The rituals devoted to the souls of the dead are more closely connected with Irano-Zoroastrian parallels than are the water ceremonies (Modi, 1937, pp. 72 ff.; Drower, 1937, pp. 222 f., 225 ff.; Rudolph, 1961, pp. 411 ff.). Both the purpose (“to assist the ascent [of the soul]”) and, in part, the execution of the Mandaean Masiqta (“ascent” of the souls) corresponds with the Zoroastrian requiem mass (Pers. Yašt-e Gāhān, Guj. Gēh-sārnā, the recitation of Yasna 28-34; Modi, 1937, pp. 62-63; Boyce, 1994, p. 283; Stausberg, 2004, pp. 458 f.). Prayers (āfrinagān) are recited and meals (bāj) are offered to serve the support of the soul. Sraoša (Srōš)is to escort the soul; the evil spirits (Ahriman and the Dēvs) are to be vanquished, and the soul is to reach Ahura Mazdā/Ohrmazd by means of its good deeds (see the Parsi treatise Aogemadaēča, Jamaspasa, 1982; Boyce, 1975, pp. 325 ff.; Stausberg, 2004, pp. 461 f.). The correspondence with Mandaean ideas is here quite obvious: the dead are washed and dressed in their sacral clothes, the sacrament (dran) is offered, prayers or hymns and remembrance meals (Mand. zidqa brika; dukrana; Pers. yād, Guj. namgrahān) begin on the third day and are continued during the following weeks, as well as on the anniversary of the death. The great age of the Iranian ceremonies is confirmed by their being mentioned in Vīdēvdād 10.1-2. In the Mandaean literature, the hymns of the Left Ginza which serve the souls apparently belong to the oldest period, together with the corresponding ritual texts of the Canonical Prayerbook. There were similar ceremonies in Manicheism for the dead and their souls (Rudolph, 1961, pp. 415 ff.; Richter, 1997, pp. 60 ff.; see also Funk, Kephalaia 1.2, Lfg. 13/14, pp. 346 f. = chap. 144).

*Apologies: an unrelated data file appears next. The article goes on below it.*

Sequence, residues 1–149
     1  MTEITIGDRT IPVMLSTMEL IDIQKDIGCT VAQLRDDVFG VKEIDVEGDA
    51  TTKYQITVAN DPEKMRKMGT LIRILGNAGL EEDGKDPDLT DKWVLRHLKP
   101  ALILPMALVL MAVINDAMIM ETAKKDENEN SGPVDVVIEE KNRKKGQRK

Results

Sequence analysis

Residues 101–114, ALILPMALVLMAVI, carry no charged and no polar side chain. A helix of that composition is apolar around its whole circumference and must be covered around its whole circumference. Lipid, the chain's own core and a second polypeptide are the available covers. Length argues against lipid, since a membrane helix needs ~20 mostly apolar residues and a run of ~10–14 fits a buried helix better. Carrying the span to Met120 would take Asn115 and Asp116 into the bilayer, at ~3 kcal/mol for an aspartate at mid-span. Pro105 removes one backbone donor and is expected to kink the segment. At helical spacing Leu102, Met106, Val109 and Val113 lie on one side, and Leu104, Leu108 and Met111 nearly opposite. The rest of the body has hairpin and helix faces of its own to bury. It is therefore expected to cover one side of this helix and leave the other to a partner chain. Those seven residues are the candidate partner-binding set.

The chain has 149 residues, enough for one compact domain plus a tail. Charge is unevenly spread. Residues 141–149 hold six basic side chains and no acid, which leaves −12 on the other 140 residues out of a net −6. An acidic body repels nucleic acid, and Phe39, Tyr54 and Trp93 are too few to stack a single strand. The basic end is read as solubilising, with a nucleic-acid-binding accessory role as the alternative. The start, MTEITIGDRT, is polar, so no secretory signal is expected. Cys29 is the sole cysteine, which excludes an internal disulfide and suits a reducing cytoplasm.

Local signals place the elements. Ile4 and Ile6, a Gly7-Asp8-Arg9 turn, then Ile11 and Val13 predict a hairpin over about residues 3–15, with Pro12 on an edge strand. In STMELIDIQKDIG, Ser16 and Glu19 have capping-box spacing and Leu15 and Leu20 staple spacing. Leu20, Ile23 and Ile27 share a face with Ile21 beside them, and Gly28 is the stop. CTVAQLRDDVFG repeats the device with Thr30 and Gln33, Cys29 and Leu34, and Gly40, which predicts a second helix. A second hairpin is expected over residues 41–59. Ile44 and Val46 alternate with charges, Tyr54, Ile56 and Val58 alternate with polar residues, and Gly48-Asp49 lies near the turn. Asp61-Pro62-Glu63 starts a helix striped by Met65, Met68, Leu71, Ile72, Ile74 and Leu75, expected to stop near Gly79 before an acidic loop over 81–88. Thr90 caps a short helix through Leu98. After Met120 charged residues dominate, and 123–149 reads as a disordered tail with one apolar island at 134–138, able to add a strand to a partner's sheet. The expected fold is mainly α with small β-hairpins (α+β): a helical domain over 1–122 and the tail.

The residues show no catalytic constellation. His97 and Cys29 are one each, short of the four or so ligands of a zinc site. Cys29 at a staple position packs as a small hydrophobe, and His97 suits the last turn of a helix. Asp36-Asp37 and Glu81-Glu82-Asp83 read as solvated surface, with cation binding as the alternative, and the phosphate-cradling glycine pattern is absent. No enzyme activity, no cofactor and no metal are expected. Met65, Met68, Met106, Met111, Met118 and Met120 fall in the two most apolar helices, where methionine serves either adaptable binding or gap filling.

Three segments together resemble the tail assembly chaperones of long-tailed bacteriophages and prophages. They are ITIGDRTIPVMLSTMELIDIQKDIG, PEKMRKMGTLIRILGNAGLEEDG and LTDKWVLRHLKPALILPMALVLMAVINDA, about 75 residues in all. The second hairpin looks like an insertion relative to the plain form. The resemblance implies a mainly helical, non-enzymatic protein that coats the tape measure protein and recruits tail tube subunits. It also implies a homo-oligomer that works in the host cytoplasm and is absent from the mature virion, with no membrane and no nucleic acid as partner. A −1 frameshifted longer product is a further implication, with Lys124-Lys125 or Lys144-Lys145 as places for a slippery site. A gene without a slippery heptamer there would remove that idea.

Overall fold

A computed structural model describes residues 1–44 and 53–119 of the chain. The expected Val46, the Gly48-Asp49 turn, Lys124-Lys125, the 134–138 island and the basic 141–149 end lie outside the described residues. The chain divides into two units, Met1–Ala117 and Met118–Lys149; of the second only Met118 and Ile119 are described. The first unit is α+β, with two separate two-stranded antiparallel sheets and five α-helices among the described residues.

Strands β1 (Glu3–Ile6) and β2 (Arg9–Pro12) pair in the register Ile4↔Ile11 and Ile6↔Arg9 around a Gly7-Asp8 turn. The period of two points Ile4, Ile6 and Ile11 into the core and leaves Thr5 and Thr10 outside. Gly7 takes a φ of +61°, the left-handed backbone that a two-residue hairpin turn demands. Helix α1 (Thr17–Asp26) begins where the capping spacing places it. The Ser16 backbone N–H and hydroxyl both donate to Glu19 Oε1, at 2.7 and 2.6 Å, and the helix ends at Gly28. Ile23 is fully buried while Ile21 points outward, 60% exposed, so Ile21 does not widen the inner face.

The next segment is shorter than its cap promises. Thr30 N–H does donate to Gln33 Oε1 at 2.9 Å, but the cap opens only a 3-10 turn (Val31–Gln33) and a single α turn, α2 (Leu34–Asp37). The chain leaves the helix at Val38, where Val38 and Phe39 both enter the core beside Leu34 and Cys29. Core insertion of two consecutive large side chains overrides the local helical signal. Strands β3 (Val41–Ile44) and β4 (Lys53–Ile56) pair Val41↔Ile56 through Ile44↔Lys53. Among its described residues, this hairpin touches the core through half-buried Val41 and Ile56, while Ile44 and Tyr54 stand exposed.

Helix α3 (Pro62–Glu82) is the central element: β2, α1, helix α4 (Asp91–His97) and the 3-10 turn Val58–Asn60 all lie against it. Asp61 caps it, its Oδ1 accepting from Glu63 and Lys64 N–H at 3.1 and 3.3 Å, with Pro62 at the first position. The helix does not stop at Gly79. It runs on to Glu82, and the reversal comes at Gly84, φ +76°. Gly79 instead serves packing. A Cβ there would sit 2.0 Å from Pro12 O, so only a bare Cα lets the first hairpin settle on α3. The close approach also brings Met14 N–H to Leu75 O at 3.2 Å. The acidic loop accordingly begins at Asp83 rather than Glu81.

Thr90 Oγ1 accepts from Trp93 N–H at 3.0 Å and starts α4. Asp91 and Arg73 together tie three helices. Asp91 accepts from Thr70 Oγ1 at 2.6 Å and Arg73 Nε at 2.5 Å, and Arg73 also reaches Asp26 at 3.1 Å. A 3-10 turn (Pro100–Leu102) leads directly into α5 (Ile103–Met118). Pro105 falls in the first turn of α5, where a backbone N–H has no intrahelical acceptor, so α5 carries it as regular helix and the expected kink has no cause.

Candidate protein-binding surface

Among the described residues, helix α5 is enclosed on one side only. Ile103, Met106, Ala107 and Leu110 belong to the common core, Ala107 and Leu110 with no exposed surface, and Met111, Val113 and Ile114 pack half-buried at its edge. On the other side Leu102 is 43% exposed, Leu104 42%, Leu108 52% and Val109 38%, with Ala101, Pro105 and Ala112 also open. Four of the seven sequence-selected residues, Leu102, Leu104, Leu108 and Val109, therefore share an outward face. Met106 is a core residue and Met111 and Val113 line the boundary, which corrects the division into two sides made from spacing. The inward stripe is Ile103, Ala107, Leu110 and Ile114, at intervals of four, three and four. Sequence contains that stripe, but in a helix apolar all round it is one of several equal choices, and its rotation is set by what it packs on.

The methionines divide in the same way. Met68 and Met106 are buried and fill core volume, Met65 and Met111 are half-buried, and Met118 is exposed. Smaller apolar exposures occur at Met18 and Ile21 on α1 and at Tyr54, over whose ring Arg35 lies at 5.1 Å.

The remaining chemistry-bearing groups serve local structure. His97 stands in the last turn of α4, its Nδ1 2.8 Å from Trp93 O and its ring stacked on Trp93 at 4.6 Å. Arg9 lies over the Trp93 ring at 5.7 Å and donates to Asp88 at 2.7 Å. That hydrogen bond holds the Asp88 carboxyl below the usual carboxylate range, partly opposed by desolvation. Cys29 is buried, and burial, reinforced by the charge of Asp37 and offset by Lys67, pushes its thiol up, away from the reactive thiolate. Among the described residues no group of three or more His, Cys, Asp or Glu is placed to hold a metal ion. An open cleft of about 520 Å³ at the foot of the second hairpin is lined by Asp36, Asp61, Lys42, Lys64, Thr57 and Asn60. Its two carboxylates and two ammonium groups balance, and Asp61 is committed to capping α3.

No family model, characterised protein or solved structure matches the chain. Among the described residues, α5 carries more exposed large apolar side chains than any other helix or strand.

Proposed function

There are further striking correspondences between Mandaean and Persian traditions in regard to prayer times, repentance and confession disciplines, and marriage ceremonies. While there is evidence that the Mandaeans had different daily prayer hours in the course of their history (three, five, and seven times), the Zoroastrians have five (gāhān; see GĀH; Modi, 1937, pp. 219-20; Stausberg, 2004, pp. 488 ff.; concerning the relation between gāh and gāthā, see ibid., p. 59), as more or less constantly witnessed, which were evidently a model for the five Mandaean ones (Rudolph, 1961, pp. 224 ff.). It may also be assumed that the three possibilities of penance before an excommunication were a Persian legacy to the Mandaeans; the two religions shared a common formula for confessions (MPers. patīt), by which the (mainly ritual) sins were atoned for through repentance (ibid., pp. 243 ff., 252 f.). The marriage ceremonies include ablutions, the drinking of wine, and a curtain between the bridal couple during the rituals (ibid., p. 321).

An old interrelation can be noticed when one looks at the Mandaean calendar of festivities; it is connected with the Sasanian and Zoroastrian solar calendar (see Drower, 1962, pp. 83 ff.; Rudolph 1961, pp. 331 ff.), although nowadays it is integrated within the Islamic lunar year. Of the six principal feasts, two are devoted to the New Year; the other four are connected with Mandaean events, but in part also involve Persian customs. The “great New Year’s feast” (Dihba rba or Nauruz rba) is celebrated on the first day of the first winter month; the “little New Year’s feast” (Nauruz zuṭa) is on the 6th and 7th day of the same month, when the gates of heaven are open and the souls of the deceased are commemorated. The major feast is the Parwanaiya or Panja, which is celebrated in the last 5 days of the 8th month (šumbulta) and corresponds with the Persian farvardagān (MPers. frawardīgān “feast of the Frawahrs [Fravašis]”). The latter is divided into two five-day periods, the Panj-e keh “Lesser Five” and Panj-e meh “Greater Five.” The common features of the Panja are ablutions and baptism (among the Mandaeans a favorite occasion for celebration) and ceremonies (prayers, hymns, and meals) for the deceased or their souls, who are believed to visit their relatives at this time (the text of the Panja ritual is now published by B. Burtea, 2005). It is assumed that the Mandaean Panja replaced the Babylonian-Assyrian spring festival, the Akitu, under Persian influence and thus lost its old seasonal connection. This may have occurred under Yazdegerd III (r. 633-51), to whom a calendar reform is ascribed, according to Biruni (973-after 1050; see CALENDARS i.), and who set the leap days at the end of the 8th month, Ābān.